Ask big retailers about big pain points as the fourth quarter’s busy season begins and you’re apt to find they’re not only dissatisfied with their existing tech but are also leery of their ability to create the hybrid eCommerce/in-store shopping experiences that consumers want now.
As a result, retail chains are scrambling to correct their underestimation of the durability of the in-store shopping experience of yore and are faced with a daunting mix of decisions as to which is the best path or solution to take.
According to PYMNTS’ new report “Big Retail’s Innovation Mandate: Convenience And Personalization,” done in collaboration with ACI Worldwide and based on surveys of 300 large U.S. and U.K. retailers, three areas stand out as needing attention to optimize multichannel sales.
Additionally, we found a high incidence of chains qualifying as “big retail” planning to outsource these digital upgrades to third-party experts. Per the study, “51% of U.S. and 63% of U.K. retailers are planning to completely outsource payment method innovations,” with 73% of convenience stores and pharmacies outsourcing payments innovations versus 57% of general retailers, for example.
Many Current Tools Not Cutting It
Big Retail’s frustration with its ability to deliver engaging digital customer experiences in-store or in the power of existing digital tools to help do so is evident in the data.
Roughly half the U.S. and U.K. retailers surveyed feel their mix of online and in-store experience is giving shoppers the best experiences, and that’s a big problem for the other half. The study states that “dissatisfaction is leading many retailers to launch innovation strategies designed to improve the customer experience and their digital capabilities, such as those that collect and analyze customer purchasing data.”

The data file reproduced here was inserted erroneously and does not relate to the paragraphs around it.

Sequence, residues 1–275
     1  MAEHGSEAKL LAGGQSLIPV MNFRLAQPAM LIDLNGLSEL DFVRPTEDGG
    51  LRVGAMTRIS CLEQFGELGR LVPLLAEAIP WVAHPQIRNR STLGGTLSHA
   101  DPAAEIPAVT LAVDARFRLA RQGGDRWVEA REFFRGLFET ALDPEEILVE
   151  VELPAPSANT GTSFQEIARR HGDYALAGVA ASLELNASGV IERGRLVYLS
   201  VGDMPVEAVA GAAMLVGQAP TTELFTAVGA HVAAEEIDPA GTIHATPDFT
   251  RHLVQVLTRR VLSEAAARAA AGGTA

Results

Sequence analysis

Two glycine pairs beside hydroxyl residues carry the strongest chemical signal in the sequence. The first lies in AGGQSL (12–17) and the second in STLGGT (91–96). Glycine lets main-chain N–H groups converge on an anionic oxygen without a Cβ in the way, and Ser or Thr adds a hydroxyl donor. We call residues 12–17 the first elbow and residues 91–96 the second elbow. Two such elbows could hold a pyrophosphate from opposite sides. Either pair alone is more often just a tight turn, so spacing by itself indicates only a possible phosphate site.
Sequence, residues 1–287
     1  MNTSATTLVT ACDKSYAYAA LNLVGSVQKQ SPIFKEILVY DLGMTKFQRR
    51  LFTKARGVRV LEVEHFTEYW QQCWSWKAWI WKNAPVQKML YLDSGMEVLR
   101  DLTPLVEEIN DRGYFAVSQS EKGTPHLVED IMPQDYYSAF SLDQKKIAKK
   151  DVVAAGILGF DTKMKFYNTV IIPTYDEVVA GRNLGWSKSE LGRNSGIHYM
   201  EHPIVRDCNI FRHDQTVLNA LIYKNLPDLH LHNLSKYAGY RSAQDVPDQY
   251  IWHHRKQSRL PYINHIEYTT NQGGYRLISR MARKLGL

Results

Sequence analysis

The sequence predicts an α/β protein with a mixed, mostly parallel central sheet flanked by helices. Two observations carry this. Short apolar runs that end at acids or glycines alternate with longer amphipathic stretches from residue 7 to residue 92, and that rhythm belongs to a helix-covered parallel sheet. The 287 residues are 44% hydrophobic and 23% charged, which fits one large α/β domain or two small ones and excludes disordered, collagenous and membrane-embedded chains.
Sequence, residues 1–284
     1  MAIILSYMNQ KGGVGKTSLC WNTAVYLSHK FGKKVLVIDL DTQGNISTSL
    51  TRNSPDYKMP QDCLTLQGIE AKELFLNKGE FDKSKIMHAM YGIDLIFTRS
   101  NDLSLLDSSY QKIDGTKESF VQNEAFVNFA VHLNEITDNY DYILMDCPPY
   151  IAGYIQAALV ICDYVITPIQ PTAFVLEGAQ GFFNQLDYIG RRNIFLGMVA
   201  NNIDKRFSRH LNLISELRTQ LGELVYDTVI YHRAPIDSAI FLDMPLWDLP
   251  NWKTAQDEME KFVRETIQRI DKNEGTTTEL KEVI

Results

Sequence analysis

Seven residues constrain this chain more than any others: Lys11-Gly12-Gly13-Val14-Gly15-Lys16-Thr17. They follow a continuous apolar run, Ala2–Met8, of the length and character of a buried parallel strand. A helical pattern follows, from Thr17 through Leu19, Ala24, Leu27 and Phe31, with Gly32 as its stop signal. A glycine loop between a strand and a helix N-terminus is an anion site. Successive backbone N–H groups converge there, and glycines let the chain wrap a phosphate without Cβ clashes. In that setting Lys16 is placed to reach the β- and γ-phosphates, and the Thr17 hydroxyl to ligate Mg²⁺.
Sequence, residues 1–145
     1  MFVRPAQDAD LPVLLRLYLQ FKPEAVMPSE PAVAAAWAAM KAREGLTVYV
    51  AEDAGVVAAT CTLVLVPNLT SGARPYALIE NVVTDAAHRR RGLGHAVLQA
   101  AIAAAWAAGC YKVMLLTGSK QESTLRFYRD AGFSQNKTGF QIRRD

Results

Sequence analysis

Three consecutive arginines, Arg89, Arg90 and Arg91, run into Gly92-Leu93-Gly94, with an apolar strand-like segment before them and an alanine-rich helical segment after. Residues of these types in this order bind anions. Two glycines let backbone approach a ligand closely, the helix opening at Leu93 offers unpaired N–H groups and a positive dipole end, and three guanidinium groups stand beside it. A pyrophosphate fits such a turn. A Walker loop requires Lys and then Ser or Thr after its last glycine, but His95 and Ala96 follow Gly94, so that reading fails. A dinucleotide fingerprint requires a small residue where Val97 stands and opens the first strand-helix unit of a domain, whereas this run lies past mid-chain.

There’s an imperative underlying it all, as retailer surveyed say lack of balance between in-store and digital shopping tools has a direct impact on customer loyalty.
Per the study, “Most retailers stated that consumers were likely to shop elsewhere if they could not use the following in-store digital features: mobile apps, cited by 81% of retailers we surveyed; barcode and QR code scanner apps, cited by 81%; digital rewards and coupons, cited by 77%; alternative payment methods, cited by 76%; and self-service kiosks, cited by 51%.”
Data Is the Key to Unlock Loyalty
While big U.S. retailers lead U.K. counterparts in prioritizing mobile apps (78%), in-store shopping and order for delivery (76%) and barcode and QR code scanner app integration (74%) as must-have features for customer retention, the U.K. sample is ahead in data use to power these tools.
We found that just over half (51%) of U.K. retailers are already using operational data analytics to inform retail decisions, and 24% will pursue this in the next 12 months, compared to 34% of U.S. retailers with data analytics innovations now at work, and 25% planning it for 2023.
Making Real-Time a Reality
While integrating smartphone-assisted shopping in stores is a priority for virtually all big retailers, long-promised innovations like real-time payments are seen as a game-changer and thus loom large in the planning for big retailers we surveyed on both sides of the pond.
The study notes that at present, “43% of U.K. retailers and 33% of U.S. retailers plan to add real-time payments as an option for their consumers in the near future. Innovations such as these allow retailers to easily plan and launch convenience-focused in-store digital features, and many are tapping third-party technical solutions.”
Retailers surveyed were focused on recreating more elements of eCommerce into in-store excursions, bringing real-time inventory checks and real-time payments up in the queue.
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